It also would be environmentally friendly by removing plastic from the ocean.

The project is too big, though, for a nonprofit corporation, and needs shareholders to invest funds to make it successful, he said.

Those shareholders will expect a profit, while the CRTC, which will remain a nonprofit entity, could retain intellectual property rights and supply the new entities with carbon fiber, he said.

“We would require some form of spin off there,” Walter said.

The CRTC is within about $100,000 — including grants — of being able to show a profit, which Walter said he expects by year’s end.

Walter, a CRTC board member, is the only paid executive, earning $63,360 a year, according to the company’s 2017 Form 990 filed in May 2018 with the IRS. The form is publicly available, like those of other nonprofit corporations, at www.guidestar.org.

Walter said he did not know when the Form 990 for 2018 will be filed, and does not expect the CRTC to file quarterly or annual reports beyond the Form 990. Filing quarterly reports “drives short-term thinking,” Walter said in the interview.

All other board members, at least some of whom have connections to the CRTC, do not receive compensation, Walter said.

They are chair Charles Brandt of Marine Sciences Laboratory in Sequim, Ray Grove, Loren Lyon, Nobuyuki Odagiri, Joe McSwiney, Andy Bridge and Jennifer Smith.

Information about them and the CRTC is at www.compositerecycling.org.

________

Senior Staff Writer Paul Gottlieb can be reached at 360-452-2345, ext. 55650, or at pgottlieb@ peninsuladailynews.com.

A carbon fiber spring manufactured at the Composite Recycling Technology Center in Port Angeles is the backbone of a orthoic device on display. (Keith Thorpe/Peninsula Daily News)

A carbon fiber spring manufactured at the Composite Recycling Technology Center in Port Angeles is the backbone of a orthoic device on display. (Keith Thorpe/Peninsula Daily News)

More in News

Recall petitions dismissed

Judge cites petitioner’s lack of standing

Clallam Transit awarded $3.6M grant

Agency plans to replace several buses in its fleet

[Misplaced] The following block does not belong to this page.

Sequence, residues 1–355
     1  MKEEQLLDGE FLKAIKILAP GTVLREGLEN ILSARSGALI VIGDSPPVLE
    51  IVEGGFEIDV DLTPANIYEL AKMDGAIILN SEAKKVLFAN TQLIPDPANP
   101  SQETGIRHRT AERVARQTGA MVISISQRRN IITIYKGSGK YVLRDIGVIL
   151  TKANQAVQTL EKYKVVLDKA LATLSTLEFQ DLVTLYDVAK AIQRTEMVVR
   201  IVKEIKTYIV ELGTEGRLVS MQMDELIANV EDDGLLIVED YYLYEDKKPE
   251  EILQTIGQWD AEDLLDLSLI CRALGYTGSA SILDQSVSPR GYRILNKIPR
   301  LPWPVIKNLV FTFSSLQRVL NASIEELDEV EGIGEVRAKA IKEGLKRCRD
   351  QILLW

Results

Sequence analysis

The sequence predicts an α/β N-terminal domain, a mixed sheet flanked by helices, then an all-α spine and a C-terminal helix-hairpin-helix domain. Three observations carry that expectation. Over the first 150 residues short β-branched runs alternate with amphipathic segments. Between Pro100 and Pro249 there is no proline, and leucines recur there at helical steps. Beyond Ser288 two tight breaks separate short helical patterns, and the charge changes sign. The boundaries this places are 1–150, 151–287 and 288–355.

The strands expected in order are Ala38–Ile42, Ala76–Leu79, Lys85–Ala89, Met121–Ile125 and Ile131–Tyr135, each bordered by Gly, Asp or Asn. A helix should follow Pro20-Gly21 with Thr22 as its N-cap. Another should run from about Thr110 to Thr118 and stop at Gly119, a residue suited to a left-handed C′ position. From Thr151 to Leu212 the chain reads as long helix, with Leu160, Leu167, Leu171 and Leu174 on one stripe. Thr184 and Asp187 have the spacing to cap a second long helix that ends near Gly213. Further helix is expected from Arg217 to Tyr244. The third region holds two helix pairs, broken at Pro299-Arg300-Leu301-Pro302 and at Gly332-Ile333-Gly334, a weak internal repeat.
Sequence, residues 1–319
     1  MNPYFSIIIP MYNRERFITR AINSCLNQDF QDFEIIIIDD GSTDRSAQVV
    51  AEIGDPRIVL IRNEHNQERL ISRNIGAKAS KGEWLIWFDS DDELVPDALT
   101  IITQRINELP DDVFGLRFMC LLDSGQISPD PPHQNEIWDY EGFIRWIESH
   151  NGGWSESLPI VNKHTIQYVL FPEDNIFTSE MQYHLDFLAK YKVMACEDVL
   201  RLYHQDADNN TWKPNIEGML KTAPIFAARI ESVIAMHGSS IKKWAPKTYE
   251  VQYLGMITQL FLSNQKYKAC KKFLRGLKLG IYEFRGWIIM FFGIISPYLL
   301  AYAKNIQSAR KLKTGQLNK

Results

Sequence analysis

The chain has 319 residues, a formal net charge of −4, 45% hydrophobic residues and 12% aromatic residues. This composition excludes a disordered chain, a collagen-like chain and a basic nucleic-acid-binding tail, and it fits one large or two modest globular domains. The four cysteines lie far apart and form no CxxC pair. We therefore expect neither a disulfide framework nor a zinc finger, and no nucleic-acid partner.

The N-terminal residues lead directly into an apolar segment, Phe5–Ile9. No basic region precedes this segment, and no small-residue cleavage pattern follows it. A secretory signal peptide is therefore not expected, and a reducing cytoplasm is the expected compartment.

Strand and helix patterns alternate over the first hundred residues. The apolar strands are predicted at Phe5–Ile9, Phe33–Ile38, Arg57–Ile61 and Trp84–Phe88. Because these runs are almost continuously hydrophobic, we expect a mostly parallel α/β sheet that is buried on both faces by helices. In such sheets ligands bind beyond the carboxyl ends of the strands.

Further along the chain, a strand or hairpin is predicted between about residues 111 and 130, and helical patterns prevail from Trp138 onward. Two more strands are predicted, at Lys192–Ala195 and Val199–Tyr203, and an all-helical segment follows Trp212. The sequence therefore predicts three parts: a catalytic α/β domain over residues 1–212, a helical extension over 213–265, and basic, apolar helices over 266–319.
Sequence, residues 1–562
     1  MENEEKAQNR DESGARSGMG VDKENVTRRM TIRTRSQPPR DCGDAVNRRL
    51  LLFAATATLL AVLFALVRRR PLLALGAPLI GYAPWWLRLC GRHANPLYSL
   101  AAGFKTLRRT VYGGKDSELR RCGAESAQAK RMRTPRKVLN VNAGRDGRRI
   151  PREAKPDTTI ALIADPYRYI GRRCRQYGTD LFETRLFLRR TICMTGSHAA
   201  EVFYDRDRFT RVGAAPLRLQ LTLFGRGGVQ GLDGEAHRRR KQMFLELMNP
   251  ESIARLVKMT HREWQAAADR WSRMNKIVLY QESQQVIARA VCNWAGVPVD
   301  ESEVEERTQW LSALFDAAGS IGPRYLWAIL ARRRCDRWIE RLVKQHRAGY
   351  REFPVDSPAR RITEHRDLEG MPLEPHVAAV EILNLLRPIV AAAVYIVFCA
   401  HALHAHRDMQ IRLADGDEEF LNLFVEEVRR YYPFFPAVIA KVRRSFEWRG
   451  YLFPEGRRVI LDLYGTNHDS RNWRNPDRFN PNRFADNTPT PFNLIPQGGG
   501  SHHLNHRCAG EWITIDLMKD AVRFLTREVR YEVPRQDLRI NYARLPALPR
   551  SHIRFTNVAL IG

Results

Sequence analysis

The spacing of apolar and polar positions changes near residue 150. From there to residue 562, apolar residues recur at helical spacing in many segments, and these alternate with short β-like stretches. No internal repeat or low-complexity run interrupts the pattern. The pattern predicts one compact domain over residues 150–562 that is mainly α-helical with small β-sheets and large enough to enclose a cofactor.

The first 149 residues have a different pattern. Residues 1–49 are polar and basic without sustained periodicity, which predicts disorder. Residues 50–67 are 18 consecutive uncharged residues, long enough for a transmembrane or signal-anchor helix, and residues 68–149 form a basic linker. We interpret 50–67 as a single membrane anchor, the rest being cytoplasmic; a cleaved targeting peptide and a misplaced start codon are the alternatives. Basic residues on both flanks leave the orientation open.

Western hemlock could provide housing option

Mill processing trees, removing moisture content

Abbot Construction’s crew responsible for crane lifting the two-story concrete walls pack up as new crew members move in for steel reinforcement on Monday. (Elijah Sussman/Peninsula Daily News)
Jefferson Healthcare adding capacity, programs

Expanded services to be offered upon 2025 opening

Port Townsend to host planning event

The city of Port Townsend and SCJ Alliance will… Continue reading

KEITH THORPE/PENINSULA DAILY NEWS
Siena Vo, 2, of Da Nang, Vietnam roams through a lavender field at B & B Family Farm on Wednesday near Carlsborg.
Lavender star of weekend fest

Plethora of activities set for annual event

August primary ballots mailed

Races to be narrowed to top two candidates

David Faber.
Ethics complaint names Port Townsend mayor

18-page document details four points

Port Angeles City Council approves clean energy grant

City OKs lodging tax request, bed and breakfast ordinance

A kayker makes his way between the pilings of a former floating log yard near the entrance to Port Angeles Boat Haven. Pleasant conditions and calm waters are expected across most of the North Olympic Peninsula through the coming weekend. (Keith Thorpe/Peninsula Daily News)
Passing through

A kayker makes his way between the pilings of a former floating… Continue reading

Law enforcement officers arrest a man who allegedly led a high-speed chase from Port Angeles to Sequim along U.S. Highway 101 on Wednesday. (Michael Dashiell/Olympic Peninsula News Group)
Man arrested following chase on U.S. Highway 101

Law enforcement officers arrested a man following a high-speed chase… Continue reading

Drought response activated on three water systems

Clallam County Public Utility District No. 1 has announced a… Continue reading